In October 2023, Stonepeak, a New York-based investment firm with approximately $57 billion in assets under management, agreed to acquire Hamilton, Bermuda-based Textainer Group Holdings, one of the largest lessors of intermodal carriers. Textainer has been in operation since 1979 and operates a fleet of more than 4 million units. Under the terms of the agreement, Stonepeak agreed to pay a cash value of $2.1 billion, or $50 per share of Textainer stock. The per-share price represents a 46% premium over Textainer’s closing share price on the day prior to the announcement. According to the company press release, following the completion of the transaction, the privately held Textainer will continue to be led by its president and CEO, Olivier Ghesquiere.

In November 2023, American Industrial Transport, an affiliate of ITE Management, agreed to acquire SMBC Rail Services from SMBC Americas Holdings, a member of the SMBC Group. The transaction is expected to add approximately 50,000 railcars to American Industrial Transport’s fleet and provide them with strong customer relationships and an experienced team of employees. Although terms of the transaction were not disclosed, Sumitomo Mitsui Financial Group expects to record a $560 million after-tax loss on the deal.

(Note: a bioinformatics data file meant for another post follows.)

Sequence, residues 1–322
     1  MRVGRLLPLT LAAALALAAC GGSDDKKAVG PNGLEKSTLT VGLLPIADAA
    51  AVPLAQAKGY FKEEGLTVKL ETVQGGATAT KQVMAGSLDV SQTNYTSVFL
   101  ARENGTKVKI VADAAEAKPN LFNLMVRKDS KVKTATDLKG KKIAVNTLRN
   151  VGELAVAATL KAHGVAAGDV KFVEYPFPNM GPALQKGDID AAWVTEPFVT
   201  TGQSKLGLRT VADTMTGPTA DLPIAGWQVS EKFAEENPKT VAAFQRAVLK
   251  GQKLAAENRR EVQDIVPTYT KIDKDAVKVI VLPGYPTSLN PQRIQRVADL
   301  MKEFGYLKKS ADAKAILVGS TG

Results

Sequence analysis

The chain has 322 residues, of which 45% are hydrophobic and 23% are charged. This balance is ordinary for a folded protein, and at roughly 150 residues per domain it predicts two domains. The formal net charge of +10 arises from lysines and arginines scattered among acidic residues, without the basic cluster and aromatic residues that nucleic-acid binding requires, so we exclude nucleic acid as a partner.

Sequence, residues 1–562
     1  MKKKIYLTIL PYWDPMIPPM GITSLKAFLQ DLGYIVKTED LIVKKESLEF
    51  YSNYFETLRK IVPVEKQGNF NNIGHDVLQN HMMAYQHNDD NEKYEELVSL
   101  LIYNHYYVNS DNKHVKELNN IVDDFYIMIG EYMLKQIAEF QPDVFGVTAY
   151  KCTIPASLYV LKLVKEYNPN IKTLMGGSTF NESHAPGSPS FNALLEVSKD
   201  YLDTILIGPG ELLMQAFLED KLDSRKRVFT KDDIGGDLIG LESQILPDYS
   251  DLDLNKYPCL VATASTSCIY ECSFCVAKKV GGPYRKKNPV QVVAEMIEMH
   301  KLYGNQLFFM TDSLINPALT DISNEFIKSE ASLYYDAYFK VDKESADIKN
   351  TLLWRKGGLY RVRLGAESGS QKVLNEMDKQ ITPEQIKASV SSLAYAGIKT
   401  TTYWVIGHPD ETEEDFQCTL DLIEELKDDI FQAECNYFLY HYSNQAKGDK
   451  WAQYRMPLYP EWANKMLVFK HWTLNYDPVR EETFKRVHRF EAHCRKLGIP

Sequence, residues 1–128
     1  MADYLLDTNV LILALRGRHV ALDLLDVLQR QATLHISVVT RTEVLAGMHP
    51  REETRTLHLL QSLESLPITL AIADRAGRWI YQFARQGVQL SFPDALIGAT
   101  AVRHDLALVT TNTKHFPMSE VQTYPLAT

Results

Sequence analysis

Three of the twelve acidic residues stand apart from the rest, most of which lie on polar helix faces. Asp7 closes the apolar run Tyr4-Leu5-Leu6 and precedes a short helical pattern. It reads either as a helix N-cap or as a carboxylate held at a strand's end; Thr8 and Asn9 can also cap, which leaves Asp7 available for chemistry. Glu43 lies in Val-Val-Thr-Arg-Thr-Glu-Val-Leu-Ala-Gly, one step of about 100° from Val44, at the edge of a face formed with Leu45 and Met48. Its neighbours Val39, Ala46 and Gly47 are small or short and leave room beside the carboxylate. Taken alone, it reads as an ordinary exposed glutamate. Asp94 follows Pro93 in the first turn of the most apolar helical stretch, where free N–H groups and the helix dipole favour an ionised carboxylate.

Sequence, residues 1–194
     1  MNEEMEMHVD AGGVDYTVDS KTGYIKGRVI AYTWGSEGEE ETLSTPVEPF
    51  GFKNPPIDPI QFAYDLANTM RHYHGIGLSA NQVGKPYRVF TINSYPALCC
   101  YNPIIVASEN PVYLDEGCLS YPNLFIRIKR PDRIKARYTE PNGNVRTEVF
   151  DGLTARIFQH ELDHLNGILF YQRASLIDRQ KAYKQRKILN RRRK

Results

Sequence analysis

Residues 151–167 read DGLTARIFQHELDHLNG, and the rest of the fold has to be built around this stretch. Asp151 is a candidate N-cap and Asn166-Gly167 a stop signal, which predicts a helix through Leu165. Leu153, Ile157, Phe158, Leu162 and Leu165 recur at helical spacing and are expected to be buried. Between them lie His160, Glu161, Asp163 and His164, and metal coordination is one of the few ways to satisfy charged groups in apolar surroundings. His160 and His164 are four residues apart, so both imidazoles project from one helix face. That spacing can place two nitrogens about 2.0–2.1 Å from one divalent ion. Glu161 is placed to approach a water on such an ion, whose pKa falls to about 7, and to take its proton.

Unlike some of their bank-owned counterparts, many independent and captive finance companies continued to perform well in 2023. Despite the continued rise in interest rates over the past two years, the equipment finance and leasing industry remains strong, and senior leaders of many companies have reported record-high originations for 2023. In fact, the Equipment Leasing and Finance Association reported that new business for the companies on its Monthly Leasing and Finance Index (MLFI) increased by 2% in December 2023 from the same month a year ago and increased by 3.9% on a cumulative basis in 2023 over 2022. Adding to the strong industry performance, portfolio quality remains high with the MLFI reporting that receivables over 30 days stood at 2.3% in December 2023, up from 1.8% a year ago, and charge-offs were 0.4%, up slightly from 0.3% for the same period in 2022.